The increased competition meanwhile means that the online stores need to do more to win over their customers. Sales are still omnipresent; offline modes are always functional; DRM is marginally worse when present but stores thrive solely on the promise of not having any. It’s not so bad, though Games for Windows Live is still shit.
Then Amazon launch a digital distribution game store, recognising the opportunity to consolidate and dominate a split market through their existing scale, much as they have for books with Kindle and are attempting to do with Lovefilm. They undercut the prices of all their competitors and exploit existing relationships with publishers to sell games from many other companies. Gamers, already used to the site and appreciating the advantage of only needing to install a single piece of software, flock to the system.
Amazon use their control to squeeze the big publishers. EA and Ubisoft still eventually pull their games from the system, to retain more revenue for themselves. THQ still close down. Indie developers are able to self-publish through Amazon much like self-published novelists can, but the market isn’t large enough and the service doesn’t do a good enough job of surfacing games from small creators. The inde resurgence still doesn’t happen, and more money continues to be made on console. Amazon launch their own game developmennt teams, but this time don’t hire Clint Hocking and Kim Swift – both are still at Valve, leading their own development teams working on Half-Life 4 and Portal 3 respectively.
There are still a lot of really good free games distributed online. Twine is still a great thing. A few more developers transition to commercial releases by selling games through their own website, which is a more accepted practice given the longstanding decentralisation of game sales. On the other hand, a lot more indie developers move to mobile game development due to the accessibility of the Apple app store. There are, on all platforms, a lot more games with microtransactions and free-to-play energy mechanics. Eventually HTML5 becomes a viable platform on PC, so small creators can release games without requiring a download service at all.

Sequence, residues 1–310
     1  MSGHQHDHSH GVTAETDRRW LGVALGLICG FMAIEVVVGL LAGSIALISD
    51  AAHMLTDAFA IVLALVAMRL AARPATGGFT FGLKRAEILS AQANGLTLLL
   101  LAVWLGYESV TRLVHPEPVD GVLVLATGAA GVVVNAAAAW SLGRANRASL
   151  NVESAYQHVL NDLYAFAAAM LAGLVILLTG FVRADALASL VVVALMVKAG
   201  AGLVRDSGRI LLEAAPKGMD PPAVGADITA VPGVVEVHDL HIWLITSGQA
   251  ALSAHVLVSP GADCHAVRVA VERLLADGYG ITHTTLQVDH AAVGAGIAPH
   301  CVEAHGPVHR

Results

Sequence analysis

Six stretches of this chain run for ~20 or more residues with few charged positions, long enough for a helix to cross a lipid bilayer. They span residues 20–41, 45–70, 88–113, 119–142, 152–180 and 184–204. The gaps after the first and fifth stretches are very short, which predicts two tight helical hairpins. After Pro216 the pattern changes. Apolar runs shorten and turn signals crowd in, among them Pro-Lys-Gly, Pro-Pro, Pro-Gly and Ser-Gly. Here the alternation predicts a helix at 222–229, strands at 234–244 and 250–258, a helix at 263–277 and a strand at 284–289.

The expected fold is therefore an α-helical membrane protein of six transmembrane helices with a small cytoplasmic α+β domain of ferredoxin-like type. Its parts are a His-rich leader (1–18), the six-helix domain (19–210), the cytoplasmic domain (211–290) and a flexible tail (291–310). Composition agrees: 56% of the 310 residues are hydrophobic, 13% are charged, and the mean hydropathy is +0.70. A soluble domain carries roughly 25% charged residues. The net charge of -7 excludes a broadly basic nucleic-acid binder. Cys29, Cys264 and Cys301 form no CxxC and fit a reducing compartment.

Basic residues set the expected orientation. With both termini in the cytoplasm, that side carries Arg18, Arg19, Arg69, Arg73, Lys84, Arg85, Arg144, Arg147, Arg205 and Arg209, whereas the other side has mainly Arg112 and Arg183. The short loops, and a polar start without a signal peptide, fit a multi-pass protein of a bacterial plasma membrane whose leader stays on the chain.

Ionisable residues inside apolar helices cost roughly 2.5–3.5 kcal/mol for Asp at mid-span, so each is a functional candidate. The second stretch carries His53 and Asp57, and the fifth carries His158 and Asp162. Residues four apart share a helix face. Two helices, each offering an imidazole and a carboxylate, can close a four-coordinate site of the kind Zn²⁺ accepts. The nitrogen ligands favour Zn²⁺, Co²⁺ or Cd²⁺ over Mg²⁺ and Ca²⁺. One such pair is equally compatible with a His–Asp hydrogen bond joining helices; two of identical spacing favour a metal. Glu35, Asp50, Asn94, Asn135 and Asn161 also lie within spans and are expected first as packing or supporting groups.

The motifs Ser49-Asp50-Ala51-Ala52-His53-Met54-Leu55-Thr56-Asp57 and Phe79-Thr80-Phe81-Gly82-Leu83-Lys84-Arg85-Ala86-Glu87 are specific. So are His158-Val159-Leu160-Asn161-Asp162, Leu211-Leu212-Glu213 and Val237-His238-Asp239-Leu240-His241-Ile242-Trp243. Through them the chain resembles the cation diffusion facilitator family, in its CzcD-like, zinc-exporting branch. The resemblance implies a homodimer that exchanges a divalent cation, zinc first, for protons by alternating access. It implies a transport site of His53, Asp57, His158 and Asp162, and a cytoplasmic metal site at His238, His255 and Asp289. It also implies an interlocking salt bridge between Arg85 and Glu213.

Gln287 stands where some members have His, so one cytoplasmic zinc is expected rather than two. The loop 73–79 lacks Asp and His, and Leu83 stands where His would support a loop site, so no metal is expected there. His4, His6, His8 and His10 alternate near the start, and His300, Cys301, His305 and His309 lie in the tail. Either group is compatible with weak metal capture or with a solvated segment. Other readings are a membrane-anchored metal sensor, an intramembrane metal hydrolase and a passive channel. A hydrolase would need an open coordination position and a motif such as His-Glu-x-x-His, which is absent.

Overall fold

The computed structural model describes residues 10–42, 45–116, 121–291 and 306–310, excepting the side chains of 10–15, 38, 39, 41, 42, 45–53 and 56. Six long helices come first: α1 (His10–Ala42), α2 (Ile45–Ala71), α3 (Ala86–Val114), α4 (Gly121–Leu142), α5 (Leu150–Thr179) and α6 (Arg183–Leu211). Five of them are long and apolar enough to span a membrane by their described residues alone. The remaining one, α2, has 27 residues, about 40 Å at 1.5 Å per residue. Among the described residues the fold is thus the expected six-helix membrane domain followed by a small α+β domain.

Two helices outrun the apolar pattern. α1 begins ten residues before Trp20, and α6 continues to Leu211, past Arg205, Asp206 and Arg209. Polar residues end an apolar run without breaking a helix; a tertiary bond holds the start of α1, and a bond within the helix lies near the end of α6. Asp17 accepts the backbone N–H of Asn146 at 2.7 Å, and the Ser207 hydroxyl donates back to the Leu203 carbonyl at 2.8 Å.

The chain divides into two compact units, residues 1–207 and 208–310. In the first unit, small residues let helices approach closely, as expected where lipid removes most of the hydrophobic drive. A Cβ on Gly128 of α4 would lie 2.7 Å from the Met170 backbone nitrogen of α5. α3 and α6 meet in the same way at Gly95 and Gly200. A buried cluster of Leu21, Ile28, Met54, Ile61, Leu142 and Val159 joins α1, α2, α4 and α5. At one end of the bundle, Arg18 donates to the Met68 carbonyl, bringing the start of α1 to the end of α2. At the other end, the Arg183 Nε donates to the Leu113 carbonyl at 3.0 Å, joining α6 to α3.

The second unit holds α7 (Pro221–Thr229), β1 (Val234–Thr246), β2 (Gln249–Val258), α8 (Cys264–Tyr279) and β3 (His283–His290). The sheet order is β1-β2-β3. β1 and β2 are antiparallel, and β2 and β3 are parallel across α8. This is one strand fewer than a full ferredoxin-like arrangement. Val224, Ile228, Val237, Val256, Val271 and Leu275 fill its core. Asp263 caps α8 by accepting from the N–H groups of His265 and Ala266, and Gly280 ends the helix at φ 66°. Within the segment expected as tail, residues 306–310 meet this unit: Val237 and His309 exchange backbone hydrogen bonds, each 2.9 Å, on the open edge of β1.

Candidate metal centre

Recognising a shared desire for an independent games market, Mojang buy Paradox and develop the latter’s online store further. They welcome games from small independent creators and offer favourable revenue shares to everyone. The popularity of Minecraft drives people to the service and kids especially get into the habit of buying cheap, quirky games through the service. The indie game resurgence finally happens.
Everything is still sorta fine, but smaller and slower and messier. Except that Fred Wester – who remains with Mojang Paradox to allow Notch to own the company while being less publicly visible – instead comes to achieve Gabe Newell’s current place as the industry’s kindly internet uncle.
Which is maybe the point at which a bell rings, an angel gets his wings, and Gabe Newell goes running off through the snowy streets. Hello Savings & Loan! Hello Greenlight and Early Access! Hello Steamworks and Workshop and Curators!
This article was first published as part of, and thanks to, The RPS Supporter Program.